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Every Company Is a Software Company: Tech Agility at Big Companies

Large, established companies need to innovate fast in our ever-changing world. We spoke to George Goley, CTO at Sainsbury’s-owned Argos, about his efforts to roll out digital transformation and new technologies.

What are your priorities for innovation in 2018?

Argos has made significant progress in the last few years in its evolution from a catalog-led business, to a digital-first, multi-channel retailer. Thanks to our ongoing digital transformation, around 60% of sales at Argos now start and/or finish online, and more than 80% of those transactions occur on mobile phones and tablets. In 2017, we were named Retail Week’s Tech Retailer of the Year, and with the Sainsbury’s acquisition of Argos in 2016 came a renewed commitment to serving customers whenever and wherever they want across the entire Sainsbury’s group.

However, there is always more to do and this year our focus is to continue evolving the people, processes and platforms necessary to support tech innovation across the Argos organization. That evolution encompasses everything from hiring tech talent rather than renting it, to funding teams rather than projects, to building technologies that are easy to connect and therefore easy to leverage in the creation of innovative new customer-facing, colleague-facing, supplier-facing and vendor-facing tech functionalities.

On top of that, this year I’m focused on how to effectively explore more ideas with three internal programs designed to provide our colleagues with the information, tech foundations, collaborations and funding to pursue innovative new approaches to creating a better shopping experience for our customers.

As part of those efforts to nurture the innovation that drives Argos, a great number of our best engineers will be focused on our big data, analytics and machine learning efforts. Their aim will be to not only provide insights that spark innovation, but also provide reporting that helps us refine innovation efforts and make machine-learned decisions as part of those innovations.

A huge number of people now buy products online, causing issues for traditional brick-and-mortar retailers who need to transition quickly. (Image: Pixabay)

How can large companies prioritize tech self-disruption?

For large companies, we start by identifying the many points that we occupy on the continuum of tech importance that runs from Tech-Phobic to Tech Aware, to Tech Driven to Tech Company. Small companies may occupy only one point on that spectrum, but large companies have sections of the company that inevitably fall on different points of the spectrum. That gives large companies the opportunity to understand the pros and cons of each point on the continuum and to decide for themselves where they want the majority of the company to land.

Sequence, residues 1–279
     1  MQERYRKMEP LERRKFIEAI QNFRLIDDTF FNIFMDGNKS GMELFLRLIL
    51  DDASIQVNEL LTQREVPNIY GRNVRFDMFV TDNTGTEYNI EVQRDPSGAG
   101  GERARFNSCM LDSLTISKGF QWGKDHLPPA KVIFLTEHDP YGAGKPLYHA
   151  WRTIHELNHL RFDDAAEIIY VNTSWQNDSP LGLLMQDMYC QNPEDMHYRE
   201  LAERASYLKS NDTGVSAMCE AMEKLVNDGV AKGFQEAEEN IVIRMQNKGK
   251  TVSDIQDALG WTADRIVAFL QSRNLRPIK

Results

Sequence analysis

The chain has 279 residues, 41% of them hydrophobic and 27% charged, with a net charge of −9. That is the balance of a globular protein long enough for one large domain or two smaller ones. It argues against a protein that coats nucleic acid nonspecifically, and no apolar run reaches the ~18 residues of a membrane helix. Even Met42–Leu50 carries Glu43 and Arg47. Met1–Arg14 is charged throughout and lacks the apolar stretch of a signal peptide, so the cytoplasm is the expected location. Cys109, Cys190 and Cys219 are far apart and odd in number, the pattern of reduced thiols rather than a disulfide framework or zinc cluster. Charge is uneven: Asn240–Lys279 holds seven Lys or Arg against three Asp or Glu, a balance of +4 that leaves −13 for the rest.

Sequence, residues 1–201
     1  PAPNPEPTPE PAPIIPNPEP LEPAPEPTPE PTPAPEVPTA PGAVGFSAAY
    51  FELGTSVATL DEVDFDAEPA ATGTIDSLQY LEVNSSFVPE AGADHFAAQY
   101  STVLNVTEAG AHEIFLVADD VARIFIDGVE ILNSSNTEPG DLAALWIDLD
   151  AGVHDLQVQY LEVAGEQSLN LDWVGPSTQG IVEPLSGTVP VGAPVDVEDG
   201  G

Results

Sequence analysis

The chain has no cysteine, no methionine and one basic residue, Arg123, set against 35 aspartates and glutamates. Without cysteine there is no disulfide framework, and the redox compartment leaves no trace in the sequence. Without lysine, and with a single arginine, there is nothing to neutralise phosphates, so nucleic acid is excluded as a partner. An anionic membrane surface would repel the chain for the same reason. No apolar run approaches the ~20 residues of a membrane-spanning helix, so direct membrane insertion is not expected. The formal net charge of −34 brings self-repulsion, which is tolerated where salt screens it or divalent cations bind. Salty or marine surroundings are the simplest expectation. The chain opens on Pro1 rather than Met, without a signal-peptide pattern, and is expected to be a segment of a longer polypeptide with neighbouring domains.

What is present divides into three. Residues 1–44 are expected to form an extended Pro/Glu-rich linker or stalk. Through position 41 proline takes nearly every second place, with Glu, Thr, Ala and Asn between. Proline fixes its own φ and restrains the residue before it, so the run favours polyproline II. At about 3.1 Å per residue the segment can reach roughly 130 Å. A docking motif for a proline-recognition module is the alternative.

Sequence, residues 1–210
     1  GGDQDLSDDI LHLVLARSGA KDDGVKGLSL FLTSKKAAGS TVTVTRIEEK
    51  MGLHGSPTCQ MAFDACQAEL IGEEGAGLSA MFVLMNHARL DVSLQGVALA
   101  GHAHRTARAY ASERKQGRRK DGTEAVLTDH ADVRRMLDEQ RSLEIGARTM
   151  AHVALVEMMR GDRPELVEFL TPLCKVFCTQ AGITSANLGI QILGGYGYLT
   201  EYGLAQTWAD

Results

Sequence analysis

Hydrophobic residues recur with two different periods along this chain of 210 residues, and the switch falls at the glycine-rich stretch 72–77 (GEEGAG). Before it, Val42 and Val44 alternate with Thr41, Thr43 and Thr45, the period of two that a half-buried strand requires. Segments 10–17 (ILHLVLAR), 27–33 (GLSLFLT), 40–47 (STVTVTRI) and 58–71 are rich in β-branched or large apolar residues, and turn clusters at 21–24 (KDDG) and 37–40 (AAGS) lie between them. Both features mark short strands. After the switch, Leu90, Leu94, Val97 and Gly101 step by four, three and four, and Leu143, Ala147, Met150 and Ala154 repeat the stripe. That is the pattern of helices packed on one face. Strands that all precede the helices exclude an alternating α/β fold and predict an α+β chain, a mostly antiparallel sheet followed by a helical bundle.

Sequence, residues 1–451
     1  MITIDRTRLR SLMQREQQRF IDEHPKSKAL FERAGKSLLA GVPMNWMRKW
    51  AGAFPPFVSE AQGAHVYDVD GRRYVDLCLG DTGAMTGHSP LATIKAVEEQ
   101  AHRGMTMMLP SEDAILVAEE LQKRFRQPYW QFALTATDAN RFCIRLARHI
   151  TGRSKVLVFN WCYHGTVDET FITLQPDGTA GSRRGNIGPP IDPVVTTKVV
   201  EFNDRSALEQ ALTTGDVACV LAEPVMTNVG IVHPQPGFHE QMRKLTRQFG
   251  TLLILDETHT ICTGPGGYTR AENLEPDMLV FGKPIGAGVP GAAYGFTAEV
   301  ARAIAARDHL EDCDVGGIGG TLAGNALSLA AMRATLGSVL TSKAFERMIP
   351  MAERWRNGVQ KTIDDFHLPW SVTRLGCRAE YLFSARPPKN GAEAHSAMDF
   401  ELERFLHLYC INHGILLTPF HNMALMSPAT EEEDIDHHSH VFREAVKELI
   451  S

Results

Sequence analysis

One key to the process is to spend more time building and delivering valuable tech, rather than debating or predicting the value of tech. Being willing to change direction when evidence suggests that there is something more valuable to pursue is the key to real agility, not just in technology, but throughout a business. At Argos, we’ve adopted very agile ways of working, which means our teams are empowered to be brave, experiment and even fail. This approach enables them to get ideas out there faster and learn very quickly what works for customers and what they want.

What are the key changes in consumer behaviour that tech development is creating right now?

First, it’s critical to remember that every consumer is an individual and that no blanket statement about consumer behaviour applies to all. That said, here are some key examples of changes that we attribute to tech development:

  • Mobile: customers expect that everything can be done not just online, but on their mobile device too. More than 70% of our online sales come via mobile devices so we know this is how a very large proportion of the UK public want to shop.
  • Single customer view: when interacting with a company, customers expect every colleague and system to have instant access to every historic interaction that ever occurred between the customer and the company. Creating a joined-up, single customer view is one of the big challenges for businesses, especially established retailers and those with legacy infrastructure systems.
  • Predictions: customers expect that every recommendation or suggestion a retailer makes will be an accurate one. We’re using technologies such as machine learning to help us better understand what our customers want and therefore make more accurate predictions.
  • Data: the recent Facebook data scandal has placed even greater scrutiny on how companies harvest data, what it is used for, and how they control its dissemination. So there’s never been a higher expectation from consumers to have complete control over their personal data.
  • New technologies: as customers become more digitally aware and familiar with new technologies, they want to be able to use technologies such as voice recognition and AR when shopping and often expect those experiences to be better than they are. These emerging technologies are still in their infancy and many companies are still testing what works.

Traditional shopping streets are at risk as business moves increasingly online.
(Image: Oskar Krawczyk, Unsplash)

Where do you see the most reluctance to innovate?

I see it in companies that have made investments in technology that have not translated to business performance in the way the business anticipated.

I also see it when companies look to rent, buy or outsource their innovation and take a leap of faith that requires the kind of huge upfront investment that makes innovation both daunting and unlikely to succeed.

June 2019